I’m in San Francisco this week with my family, attending a pair of conferences. My husband and daughter are going to visit museums and zoos while I attend my meetings and get my continuing medical education credits. I love San Francisco. So I was really excited to come here, but wow it was a lot of work getting here. We had planned to take a 9:30 am flight directly from the airport near our home to the airport in San Francisco. It would have been a 6 hour flight and we would have arrived around 12:30 pm local time. The original idea was that we would arrive, grab a few groceries, and put our daughter down for a nap. Then I would attend my first conference event that evening. It was a great plan, but unfortunately the airlines had something to say about it.
In the words of my daughter “we got on the plane. Someone said no, no, no. we got off the plane. We waited. They didn’t fix it. We waited some more.” That’s a pretty accurate summation of events. We had just boarded the 9:30 am flight and gotten our daughter settled in her car seat when the captain announced that we had to deplane because there was a mechanical problem. They promised an update at 11:40 AM. So we got off and waited. The clever people went ahead and booked themselves on the next direct flight. The rest of us waited and were told at 11:40 that the flight was cancelled because they couldn’t fix it. Then of course there was a massive scramble for the customer service desk. My husband called the airline instead and managed to get us out on a 12:45 pm flight connecting through Chicago and eventually arriving at 8:00 pm local time in San Francisco. Which beat the option most of our fellow travelers found of getting out on a 5:45pm flight that connected through Chicago.
After that hiccup, though, the trip went very well. Our rebooked seats were three middle seats in separate rows but our fellow passengers were kind (or just self-interested) and were willing to swap so one of us could sit next to our daughter. We serendipitously found a great place to have a late lunch/early dinner in Chicago: Tortas Frontera by Rick Bayliss. The restaurant offers spicy, savory Mexican inspired sandwiches on grilled flatbread, guacamole that is smoothly dippable without being homogenized, crisp salty tortilla chips, and extraordinarily strong margaritas. My husband and I ended up pouring off the margarita we had bought to share into double the volume of mango-lime juice and it was still a little too strong for our taste. Although, obviously, we are light-weights when it comes to alcohol. The meal was something that I would have happily sought out for an evening out in our hometown if the restaurant only existed there. As it is, I will now look forward to connections through O’Hare a little bit more.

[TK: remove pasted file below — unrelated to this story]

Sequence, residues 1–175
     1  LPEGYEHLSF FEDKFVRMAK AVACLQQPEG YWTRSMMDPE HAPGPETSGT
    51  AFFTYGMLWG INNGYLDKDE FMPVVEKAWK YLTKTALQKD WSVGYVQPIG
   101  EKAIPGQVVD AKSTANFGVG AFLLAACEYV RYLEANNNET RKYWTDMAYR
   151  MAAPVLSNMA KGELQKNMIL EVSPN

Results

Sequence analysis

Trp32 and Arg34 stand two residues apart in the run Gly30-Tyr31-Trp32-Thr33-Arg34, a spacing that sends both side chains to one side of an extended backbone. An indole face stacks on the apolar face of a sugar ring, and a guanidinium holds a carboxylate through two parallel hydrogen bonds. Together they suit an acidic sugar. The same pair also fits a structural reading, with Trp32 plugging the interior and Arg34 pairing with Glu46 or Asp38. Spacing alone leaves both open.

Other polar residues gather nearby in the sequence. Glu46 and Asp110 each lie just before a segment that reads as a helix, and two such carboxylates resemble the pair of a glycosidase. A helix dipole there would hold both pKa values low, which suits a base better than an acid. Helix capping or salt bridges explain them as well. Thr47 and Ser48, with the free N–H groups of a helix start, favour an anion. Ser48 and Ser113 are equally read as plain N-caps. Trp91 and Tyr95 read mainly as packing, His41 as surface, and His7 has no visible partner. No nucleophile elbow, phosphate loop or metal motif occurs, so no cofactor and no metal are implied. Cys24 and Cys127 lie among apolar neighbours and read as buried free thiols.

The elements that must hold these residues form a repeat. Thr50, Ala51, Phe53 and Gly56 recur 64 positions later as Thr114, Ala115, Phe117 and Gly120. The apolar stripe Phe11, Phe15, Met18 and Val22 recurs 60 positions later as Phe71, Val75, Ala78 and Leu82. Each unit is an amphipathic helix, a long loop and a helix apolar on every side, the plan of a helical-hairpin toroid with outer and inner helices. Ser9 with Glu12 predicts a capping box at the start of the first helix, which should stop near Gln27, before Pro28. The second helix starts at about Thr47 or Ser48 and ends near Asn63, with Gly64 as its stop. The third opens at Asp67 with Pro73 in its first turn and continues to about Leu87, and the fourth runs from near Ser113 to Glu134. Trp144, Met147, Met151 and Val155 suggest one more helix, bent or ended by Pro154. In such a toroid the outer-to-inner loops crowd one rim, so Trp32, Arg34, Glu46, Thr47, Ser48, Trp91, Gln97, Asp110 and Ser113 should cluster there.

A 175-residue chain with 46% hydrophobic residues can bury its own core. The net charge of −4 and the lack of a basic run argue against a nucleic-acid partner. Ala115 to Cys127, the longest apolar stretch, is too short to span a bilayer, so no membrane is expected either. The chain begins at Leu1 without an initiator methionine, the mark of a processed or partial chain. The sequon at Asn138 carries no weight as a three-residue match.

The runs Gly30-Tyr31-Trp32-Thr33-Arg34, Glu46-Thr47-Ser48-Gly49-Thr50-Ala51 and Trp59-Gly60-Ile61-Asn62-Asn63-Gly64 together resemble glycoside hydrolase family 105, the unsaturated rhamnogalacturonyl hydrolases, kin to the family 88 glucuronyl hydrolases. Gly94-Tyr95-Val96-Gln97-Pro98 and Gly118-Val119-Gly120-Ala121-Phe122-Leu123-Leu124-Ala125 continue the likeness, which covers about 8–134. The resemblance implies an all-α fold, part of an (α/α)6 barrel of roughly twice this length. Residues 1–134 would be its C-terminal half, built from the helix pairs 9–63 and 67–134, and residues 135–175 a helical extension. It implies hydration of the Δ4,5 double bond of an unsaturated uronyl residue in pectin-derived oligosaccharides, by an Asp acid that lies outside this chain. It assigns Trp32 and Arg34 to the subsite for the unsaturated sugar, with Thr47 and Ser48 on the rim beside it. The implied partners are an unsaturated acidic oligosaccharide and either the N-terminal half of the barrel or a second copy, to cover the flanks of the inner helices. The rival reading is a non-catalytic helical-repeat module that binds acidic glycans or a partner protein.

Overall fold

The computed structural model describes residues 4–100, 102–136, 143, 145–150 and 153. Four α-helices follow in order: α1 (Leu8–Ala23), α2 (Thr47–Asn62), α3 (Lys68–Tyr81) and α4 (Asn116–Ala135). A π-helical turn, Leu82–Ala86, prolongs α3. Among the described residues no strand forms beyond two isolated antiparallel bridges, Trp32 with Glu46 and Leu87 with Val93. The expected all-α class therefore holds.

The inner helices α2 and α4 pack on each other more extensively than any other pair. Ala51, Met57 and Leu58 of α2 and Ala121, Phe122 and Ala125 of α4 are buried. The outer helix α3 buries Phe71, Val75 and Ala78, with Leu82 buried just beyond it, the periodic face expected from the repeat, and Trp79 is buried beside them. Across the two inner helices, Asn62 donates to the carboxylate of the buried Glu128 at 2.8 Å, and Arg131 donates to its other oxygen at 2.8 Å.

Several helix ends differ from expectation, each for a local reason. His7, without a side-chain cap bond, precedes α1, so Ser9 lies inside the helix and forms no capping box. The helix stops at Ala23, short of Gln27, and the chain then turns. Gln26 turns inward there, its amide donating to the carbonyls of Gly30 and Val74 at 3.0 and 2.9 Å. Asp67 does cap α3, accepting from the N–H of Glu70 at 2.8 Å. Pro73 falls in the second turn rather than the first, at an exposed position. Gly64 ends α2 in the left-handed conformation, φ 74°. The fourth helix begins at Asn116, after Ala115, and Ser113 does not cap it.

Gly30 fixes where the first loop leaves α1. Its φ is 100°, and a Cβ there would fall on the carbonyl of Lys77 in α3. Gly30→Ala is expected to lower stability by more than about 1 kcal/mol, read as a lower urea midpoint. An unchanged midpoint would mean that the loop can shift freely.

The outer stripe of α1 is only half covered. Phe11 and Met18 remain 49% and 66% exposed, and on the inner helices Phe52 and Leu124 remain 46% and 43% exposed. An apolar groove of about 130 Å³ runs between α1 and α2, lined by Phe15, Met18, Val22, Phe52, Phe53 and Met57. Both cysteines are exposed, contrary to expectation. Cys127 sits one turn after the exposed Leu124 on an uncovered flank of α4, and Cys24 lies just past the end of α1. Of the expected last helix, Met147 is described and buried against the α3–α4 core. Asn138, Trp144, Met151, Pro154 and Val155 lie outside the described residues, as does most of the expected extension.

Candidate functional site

One advantage my husband and I have is that our daughter is an outstanding and experienced traveler for her age (she’s taken 38 separate flights on 12 different trips in her lifetime so far) and takes the vagaries of travel with a certain amount of joy and fun that I just can’t match as an adult. She told me on the flight from Chicago to San Francisco “I love people. They make me happy.” Which is a pretty accurate bit of self observation from a child who is 2 years and 8 months old. She happily strikes up conversations with passersby and generally seems to think a trip on a crowded airplane is a chance to make new friends. My husband and I are also pretty experienced as travelling parents at this point, so we’ve got the routine and the equipment down. The secrets to happy travel with a child, for us at least, are a foldable trolley for her car seat that converts it to a stroller, good snacks, and a kindle with plenty of Elmo and Sesame Street downloaded for viewing.
When we finally arrived in San Francisco we found our luggage had beaten us there by several hours. We grabbed our two suitcases, grabbed a taxi, and headed off to our lodgings. We are staying in a comfortable lower floor apartment of a converted firehouse in the Mission district of San Francisco. It’s not near the conferences but it is right on the BART (San Francisco’s subway system) and so getting to the conference site is a breeze. One of our travel lessons has been that trips away from home with a small child are more fun if we have a kitchen and separate sleeping spaces. We’ve also learned that we can often beat the price of a downtown hotel room if we do some searching on the internet and are willing to use public transit. My husband found this place on vacation rental by owner (http://www.vrbo.com) and the owner kindly met us when we arrived, showed us around, and brought us some milk since it was too late for the grocery shopping we had planed.
I will say major travel delays are a good chance to practice mindfulness. I definitely spent a lot of time taking deep breaths and practicing radical acceptance. After all, getting mad and upset wouldn't have changed the situation. It would only make me unhappy and less effective in coping. It would have made my husband and daughter unhappy too, since that kind of distress seems to be pretty contagious. And really, in the big scheme of things, an 8 hour delay is just not a big deal. We arrived in San Francisco safely (and with all our luggage) over 3000 miles from our home in less than 15 hours. I have done a lot of traveling in my life, but I still think that's pretty amazing.